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Washington State University National Center for Transportation Infrastructure Durability & Life-Extension (TriDurLE)


Fatigue Life Analysis of Reinforced Concrete Beams Strengthened with Composites

Research Team

Associate Professor of Civil Engineering
Case Western Reserve University
Cleveland, Ohio 44106

Project Description

Extending the service life of existing structures through their rehabilitation and strengthening rather than demolishing to build a new construction is not only a sustainable choice but also cost effective. For key transportation structures, repairing or strengthening rather than substituting a bridge element may benefit the economy of an entire community. Fiber-reinforced composites have been proven to be an effective solution to increase or restore the capacity of reinforced concrete (RC) members. The most common type of composite is fiber-reinforced polymer (FRP) composites that are comprised of continuous fibers embedded in an organic matrix such as epoxy. Although the FRP technology has been abundantly studied, certain drawbacks, such as the low glass transition temperature and the difficulty of applying the composite on wet surfaces, raise some questions on the use of FRPs. A new type of composite, often called fiber-reinforced cementitious matrix (FRCM) composite, that employs inorganic matrices appears to be a viable alternative to FRP in some key applications. However, as the bond mechanisms of FRCMs are somehow different from those of FRP, there is an urgent need of understanding the fatigue behavior of FRCM-strengthened RC beams and increase the knowledge on the fatigue response of FRP-strengthened RC beams. The proposed research aims at providing design recommendations on the use of FRCM composites for structures subjected to fatigue loading and providing practitioners and DOT personnel with guidelines on the fatigue limits of RC structures strengthened with FRP and FRCM composites. An experimental campaign at the material and structural levels will be used to build a fatigue model of the bond behavior that could be implemented in numerical simulations to study the key parameters of the fatigue response of strengthened beams and therefore allow to determine the conditions under which FRCM rather than FRP could be a more suitable solution.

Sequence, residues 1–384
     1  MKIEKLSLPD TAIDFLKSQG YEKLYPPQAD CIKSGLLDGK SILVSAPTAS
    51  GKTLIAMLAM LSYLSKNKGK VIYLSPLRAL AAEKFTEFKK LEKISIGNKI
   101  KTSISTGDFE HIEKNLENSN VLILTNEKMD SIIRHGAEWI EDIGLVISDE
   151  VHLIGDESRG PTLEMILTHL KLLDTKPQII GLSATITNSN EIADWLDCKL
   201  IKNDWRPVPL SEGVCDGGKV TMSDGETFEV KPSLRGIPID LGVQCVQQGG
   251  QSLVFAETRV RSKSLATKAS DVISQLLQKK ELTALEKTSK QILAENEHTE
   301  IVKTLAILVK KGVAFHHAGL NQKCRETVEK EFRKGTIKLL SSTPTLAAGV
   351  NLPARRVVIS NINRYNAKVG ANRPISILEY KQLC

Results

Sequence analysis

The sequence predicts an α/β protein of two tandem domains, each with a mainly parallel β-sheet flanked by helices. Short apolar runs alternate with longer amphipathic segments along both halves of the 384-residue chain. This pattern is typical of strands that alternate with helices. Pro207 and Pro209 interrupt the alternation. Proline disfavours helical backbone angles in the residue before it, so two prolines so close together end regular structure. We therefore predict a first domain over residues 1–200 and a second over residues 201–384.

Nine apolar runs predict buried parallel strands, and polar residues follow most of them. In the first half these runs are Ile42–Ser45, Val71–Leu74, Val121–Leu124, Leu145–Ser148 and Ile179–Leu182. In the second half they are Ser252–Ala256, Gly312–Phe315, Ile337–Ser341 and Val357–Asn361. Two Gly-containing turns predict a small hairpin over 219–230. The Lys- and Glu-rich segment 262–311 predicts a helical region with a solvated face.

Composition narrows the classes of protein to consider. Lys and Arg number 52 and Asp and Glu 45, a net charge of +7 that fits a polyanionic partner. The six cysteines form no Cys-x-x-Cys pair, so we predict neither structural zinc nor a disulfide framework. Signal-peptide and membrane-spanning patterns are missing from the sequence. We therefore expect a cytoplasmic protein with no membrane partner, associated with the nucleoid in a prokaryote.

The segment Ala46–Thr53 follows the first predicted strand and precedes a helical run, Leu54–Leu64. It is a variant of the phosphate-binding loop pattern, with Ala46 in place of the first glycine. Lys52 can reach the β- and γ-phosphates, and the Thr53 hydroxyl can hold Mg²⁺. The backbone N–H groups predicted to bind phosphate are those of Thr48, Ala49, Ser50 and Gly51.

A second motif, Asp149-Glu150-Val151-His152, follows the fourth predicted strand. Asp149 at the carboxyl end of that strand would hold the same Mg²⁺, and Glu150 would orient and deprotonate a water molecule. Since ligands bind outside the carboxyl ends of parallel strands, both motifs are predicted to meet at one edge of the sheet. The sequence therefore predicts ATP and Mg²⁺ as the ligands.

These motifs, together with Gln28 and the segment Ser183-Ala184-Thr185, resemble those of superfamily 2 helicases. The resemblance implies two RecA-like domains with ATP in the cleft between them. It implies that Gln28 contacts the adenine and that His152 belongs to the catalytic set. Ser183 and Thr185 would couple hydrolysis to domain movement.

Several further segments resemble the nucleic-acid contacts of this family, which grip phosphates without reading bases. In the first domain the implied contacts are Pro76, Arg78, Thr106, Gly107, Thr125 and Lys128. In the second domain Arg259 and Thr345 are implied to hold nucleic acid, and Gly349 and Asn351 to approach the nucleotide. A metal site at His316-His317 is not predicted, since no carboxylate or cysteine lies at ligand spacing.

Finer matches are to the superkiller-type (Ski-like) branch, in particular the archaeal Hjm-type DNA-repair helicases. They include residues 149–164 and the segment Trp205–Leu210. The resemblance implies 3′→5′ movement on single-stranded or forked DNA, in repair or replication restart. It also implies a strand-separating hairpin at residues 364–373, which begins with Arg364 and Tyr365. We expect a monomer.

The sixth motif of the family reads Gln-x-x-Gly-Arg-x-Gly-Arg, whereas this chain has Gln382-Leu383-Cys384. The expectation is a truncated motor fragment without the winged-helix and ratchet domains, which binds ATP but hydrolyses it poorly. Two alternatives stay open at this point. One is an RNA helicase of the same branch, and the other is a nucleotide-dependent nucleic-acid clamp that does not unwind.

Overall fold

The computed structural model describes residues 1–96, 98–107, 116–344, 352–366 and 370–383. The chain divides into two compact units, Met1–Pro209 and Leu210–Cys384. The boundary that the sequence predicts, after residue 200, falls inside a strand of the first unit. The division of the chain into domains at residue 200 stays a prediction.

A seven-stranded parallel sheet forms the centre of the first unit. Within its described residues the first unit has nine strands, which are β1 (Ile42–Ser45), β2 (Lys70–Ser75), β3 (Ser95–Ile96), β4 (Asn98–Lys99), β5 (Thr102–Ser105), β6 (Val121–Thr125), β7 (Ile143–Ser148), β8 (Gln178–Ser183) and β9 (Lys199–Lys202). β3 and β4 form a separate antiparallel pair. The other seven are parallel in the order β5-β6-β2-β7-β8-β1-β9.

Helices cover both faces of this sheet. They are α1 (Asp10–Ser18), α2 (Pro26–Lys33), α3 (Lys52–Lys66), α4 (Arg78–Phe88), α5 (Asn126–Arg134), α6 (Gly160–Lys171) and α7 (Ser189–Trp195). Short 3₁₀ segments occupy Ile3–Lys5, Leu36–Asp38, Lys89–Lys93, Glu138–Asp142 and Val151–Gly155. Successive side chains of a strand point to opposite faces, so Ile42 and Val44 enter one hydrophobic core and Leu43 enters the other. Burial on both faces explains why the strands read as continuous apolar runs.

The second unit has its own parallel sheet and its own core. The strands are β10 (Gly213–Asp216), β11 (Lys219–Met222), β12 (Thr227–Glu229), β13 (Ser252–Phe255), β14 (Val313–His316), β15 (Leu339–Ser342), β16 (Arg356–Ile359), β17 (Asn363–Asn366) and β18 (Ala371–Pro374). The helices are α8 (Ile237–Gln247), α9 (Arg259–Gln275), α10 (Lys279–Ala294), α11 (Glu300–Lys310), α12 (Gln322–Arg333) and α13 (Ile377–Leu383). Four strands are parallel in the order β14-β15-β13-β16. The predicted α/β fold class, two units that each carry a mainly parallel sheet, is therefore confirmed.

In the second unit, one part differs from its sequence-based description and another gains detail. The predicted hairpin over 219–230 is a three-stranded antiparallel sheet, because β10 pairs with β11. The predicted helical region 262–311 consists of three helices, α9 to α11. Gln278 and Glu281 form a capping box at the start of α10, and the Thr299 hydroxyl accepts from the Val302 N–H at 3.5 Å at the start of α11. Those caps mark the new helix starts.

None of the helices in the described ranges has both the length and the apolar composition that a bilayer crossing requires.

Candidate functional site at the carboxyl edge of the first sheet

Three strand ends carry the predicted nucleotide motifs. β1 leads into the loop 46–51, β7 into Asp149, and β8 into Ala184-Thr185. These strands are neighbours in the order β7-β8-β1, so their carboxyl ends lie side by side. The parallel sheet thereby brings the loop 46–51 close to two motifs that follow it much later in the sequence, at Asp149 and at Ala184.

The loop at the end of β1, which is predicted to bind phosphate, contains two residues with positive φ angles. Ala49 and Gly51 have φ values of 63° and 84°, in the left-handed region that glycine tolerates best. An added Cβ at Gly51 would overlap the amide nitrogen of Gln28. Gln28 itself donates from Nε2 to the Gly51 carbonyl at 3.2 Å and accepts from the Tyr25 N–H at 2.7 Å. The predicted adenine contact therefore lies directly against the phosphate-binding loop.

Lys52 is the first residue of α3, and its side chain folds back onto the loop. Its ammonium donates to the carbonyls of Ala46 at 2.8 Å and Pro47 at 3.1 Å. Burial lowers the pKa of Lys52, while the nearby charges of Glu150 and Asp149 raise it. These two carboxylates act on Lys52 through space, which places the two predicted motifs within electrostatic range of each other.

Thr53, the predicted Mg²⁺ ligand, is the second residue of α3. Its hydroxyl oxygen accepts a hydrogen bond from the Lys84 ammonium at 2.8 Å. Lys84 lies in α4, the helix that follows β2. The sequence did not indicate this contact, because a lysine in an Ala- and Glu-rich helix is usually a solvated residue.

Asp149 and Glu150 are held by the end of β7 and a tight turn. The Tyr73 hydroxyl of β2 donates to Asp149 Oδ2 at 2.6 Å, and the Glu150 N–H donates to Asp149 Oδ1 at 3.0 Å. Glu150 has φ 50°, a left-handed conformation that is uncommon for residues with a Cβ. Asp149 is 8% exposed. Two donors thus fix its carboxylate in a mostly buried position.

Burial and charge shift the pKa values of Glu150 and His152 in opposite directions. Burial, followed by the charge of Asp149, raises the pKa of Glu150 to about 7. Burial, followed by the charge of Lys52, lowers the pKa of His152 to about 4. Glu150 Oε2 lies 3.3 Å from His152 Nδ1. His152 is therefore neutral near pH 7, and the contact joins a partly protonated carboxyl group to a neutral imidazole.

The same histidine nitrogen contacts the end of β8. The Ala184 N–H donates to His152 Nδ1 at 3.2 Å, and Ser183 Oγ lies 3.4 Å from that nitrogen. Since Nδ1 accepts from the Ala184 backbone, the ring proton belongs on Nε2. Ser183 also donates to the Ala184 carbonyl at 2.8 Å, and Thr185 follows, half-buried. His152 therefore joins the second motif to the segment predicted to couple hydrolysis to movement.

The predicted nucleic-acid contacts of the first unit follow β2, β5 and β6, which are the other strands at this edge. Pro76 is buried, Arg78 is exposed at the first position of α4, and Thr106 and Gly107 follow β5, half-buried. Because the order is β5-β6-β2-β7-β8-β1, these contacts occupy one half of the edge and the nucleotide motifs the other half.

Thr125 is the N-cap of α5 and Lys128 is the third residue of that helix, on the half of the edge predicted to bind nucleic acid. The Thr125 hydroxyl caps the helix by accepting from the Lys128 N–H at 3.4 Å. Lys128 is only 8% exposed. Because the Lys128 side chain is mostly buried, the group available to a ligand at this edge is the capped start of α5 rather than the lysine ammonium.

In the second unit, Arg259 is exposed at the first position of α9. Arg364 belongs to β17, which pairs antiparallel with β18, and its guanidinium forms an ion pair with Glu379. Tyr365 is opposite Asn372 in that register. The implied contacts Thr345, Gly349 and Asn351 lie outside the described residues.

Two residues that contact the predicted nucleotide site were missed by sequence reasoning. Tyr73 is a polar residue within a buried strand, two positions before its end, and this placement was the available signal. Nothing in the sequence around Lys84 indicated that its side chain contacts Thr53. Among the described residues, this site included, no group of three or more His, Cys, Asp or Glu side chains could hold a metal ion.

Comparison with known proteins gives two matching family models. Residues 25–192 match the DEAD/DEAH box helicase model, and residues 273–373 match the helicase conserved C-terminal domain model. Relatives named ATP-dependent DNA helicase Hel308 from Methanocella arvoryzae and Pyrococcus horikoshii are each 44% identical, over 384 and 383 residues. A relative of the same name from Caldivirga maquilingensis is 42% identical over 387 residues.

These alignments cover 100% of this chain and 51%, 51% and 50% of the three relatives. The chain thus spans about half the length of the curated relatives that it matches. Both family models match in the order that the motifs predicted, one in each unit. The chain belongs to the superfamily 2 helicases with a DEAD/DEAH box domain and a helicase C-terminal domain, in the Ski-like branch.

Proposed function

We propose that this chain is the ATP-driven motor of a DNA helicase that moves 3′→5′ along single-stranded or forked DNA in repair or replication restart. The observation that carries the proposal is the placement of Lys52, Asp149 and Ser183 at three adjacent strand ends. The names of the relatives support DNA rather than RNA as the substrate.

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Associate Professor,Department of Civil Engineering
Case Western Reserve University